HC Deb 02 April 1894 vol 22 cc1104-6
MR. PROVAND (Glasgow, Blackfriars)

I beg to ask the President o the Board of Trade if he has considered the decision given at the Board of Trade inquiry, held at Glasgow on the 27th March, in regard to the wreck of the port Yarrock, by which the whole crew of 21 persons were drowned; whether he is aware the Court held that the vessel was neither properly nor efficiently manned, and that the disaster was contributed to by the vessel being short-handed; and if it is his intention to obtain authority to compel British vessels leaving the United Kingdom to carry competent and sufficient crews?


My attention has been called to the case to which my hon. Friend refers, and the circumstances under which so regrettable a loss of life occurred are receiving careful consideration with a view, if possible, to further proceedings in the matter. The fact is, that at the present moment the case is before the Law Officers of Scotland to ascertain whether, under Clause 4 of the Act, we can take proceedings. I fully recognise the importance of British merchant ships being manned with competent and sufficient crews, and I am taking advice as to the best means of securing the seaworthiness of merchant vessels in so material a particular. As the hon. Member behind me (Mr. H. J. Wilson) has been informed by you, Mr. Speaker, that he cannot bring on the case of the vessel named, I will add that this question of undermanning has already received the attention of the Board of Trade, and we intend to pursue it still further. Up to the present time the Merchant Shipping Act does not allow of a ship being stopped in port on account of its deficient equipment in men; there is not a single precedent for a ship being so stopped. We intend that a thorough and explanative inquiry shall be made by a Committee, including shipowners, representatives of seamen, and experts of the Board of Trade.


Will the Committee include Members of this House?


It is premature to say how the Committee will be constituted, but I suppose there will be Members from both sides upon it.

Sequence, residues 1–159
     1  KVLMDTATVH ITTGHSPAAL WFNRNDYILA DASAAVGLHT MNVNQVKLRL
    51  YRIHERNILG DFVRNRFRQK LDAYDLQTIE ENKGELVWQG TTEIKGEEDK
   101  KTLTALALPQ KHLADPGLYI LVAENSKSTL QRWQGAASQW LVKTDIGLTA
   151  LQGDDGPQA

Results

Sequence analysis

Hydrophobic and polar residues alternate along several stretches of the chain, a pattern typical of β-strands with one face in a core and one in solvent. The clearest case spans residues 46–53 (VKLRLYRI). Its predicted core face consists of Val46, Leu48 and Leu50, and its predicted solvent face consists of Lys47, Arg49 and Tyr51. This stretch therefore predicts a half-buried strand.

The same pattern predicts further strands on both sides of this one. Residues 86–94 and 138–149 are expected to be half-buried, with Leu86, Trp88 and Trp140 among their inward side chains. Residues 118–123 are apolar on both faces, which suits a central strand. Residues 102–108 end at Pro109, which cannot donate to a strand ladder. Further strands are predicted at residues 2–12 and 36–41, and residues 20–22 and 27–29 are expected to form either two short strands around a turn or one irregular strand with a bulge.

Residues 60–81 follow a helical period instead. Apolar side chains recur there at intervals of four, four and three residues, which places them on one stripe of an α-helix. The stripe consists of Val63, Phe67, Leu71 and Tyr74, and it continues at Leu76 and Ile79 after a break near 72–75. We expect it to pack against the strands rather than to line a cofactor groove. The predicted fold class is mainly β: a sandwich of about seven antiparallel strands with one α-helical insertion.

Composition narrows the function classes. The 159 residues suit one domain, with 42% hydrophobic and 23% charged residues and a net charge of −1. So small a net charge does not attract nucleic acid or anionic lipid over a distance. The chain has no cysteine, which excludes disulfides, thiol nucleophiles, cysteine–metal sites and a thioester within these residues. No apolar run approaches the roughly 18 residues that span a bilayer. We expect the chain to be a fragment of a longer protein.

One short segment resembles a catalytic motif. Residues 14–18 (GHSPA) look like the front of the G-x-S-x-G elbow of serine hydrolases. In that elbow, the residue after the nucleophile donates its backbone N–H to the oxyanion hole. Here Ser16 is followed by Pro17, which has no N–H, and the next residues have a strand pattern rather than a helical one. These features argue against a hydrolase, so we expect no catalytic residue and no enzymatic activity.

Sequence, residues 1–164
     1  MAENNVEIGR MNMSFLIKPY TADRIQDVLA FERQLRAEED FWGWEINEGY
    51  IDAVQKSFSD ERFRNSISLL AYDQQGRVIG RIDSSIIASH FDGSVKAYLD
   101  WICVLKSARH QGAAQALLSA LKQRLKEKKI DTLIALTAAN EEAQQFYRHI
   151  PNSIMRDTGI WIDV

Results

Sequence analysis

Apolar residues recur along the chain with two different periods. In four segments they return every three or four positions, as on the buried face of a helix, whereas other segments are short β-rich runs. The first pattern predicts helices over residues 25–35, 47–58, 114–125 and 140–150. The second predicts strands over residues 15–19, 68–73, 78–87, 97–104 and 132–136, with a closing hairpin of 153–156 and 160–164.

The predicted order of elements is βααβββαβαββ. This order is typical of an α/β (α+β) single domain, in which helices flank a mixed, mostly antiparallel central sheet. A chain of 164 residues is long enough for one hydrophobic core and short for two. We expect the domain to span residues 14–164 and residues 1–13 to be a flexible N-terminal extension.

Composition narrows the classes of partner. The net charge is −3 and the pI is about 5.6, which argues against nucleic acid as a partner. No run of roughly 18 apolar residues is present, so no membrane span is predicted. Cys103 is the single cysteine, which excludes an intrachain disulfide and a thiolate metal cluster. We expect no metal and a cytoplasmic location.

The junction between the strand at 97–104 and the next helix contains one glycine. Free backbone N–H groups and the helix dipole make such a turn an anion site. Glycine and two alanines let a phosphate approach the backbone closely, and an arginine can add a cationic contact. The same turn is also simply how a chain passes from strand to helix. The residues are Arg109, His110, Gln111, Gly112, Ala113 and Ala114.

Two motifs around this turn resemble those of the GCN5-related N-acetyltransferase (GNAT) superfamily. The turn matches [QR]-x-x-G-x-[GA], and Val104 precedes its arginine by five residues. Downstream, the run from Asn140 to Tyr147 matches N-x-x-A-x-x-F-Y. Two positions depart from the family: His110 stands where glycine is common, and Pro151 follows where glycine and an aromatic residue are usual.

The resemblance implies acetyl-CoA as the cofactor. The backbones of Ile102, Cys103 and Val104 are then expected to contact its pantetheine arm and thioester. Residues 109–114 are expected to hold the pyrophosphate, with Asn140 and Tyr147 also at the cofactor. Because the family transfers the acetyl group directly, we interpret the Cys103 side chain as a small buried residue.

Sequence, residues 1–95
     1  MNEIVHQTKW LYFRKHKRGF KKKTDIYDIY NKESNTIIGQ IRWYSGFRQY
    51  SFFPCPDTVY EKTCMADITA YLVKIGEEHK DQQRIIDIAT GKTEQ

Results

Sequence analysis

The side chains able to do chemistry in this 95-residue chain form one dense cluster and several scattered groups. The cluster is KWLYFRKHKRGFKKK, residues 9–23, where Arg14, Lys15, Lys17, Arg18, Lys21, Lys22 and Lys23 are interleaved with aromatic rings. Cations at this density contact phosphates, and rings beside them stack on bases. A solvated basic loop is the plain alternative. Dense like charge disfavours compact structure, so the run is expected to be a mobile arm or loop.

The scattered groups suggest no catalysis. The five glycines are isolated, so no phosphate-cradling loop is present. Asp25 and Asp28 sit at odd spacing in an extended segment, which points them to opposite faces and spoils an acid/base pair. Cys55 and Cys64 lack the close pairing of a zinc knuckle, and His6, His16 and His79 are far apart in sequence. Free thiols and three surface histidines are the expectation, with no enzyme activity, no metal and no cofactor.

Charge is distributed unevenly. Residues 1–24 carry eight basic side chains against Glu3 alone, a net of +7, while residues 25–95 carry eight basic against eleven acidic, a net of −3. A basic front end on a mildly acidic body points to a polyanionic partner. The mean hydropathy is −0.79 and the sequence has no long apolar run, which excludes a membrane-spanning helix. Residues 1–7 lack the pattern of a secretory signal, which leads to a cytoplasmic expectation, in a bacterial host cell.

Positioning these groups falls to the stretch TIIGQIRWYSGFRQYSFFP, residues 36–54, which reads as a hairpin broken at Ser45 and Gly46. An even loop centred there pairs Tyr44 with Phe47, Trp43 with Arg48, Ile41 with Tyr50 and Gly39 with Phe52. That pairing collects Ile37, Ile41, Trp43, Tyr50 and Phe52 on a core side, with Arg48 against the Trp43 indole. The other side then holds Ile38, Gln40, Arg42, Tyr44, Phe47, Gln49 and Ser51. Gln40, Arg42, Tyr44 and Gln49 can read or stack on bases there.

SIR J. GORST (Cambridge University)

Was not the subject of the loss of life at sea inquired into by a Royal Commission 10 years aero; did not that Commission report on the subject of undermanning, and has the Board of Trade ever taken action on that Report?


There were Commissions in 1888 and in 1876. One Commission reported that undermanning was a, source of danger, and a second did not touch the question at all. In 1884, in answer to a question in the House, the right hon. Member for West Birmingham said that more harm would be done by fixing a minimum scale than by leaving the question open, because the general effect might be that the average equipment would be reduced. Everything that is possible will now be done to prevent the recurrence of such a disaster as that mentioned in the question.

MR. H. J. WILSON (Middlesbrough)

Would it not be possible to have an inquiry into the abilities of the seamen shipped as well as the number of them?

SIR A. ROLLIT (Islington, S.)

Is it to be understood that the port officer of the Board of Trade has no power to prevent a vessel that is undermanned proceeding to sea?


There is no such power unless it is a passenger vessel. There is no standard scale laid down for the manning of a ship unless it is a passenger ship. With regard to the suggestion made by the hon. Member for Middlesbrough, I cannot give a promise until the time comes for the constitution of the Committee; but, so far as I am able, I will see that all desires as to the scope of the inquiry are satisfied.


How many wrecks and casualties were reported last year from undermanning?


There wore five such losses reported, but all losses from undermanning would not be reported as a rule. In the case named the loss was obvious because it occurred in the bay off Brandon, but if it had happened in the open sea the Board of Trade would have heard nothing about it.


I had intended to move the adjournment of the House on the question of the undermanning of ships, but, owing to the satisfactory answer that has been given me by the President of the Board of Trade, I do not intend to proceed with it.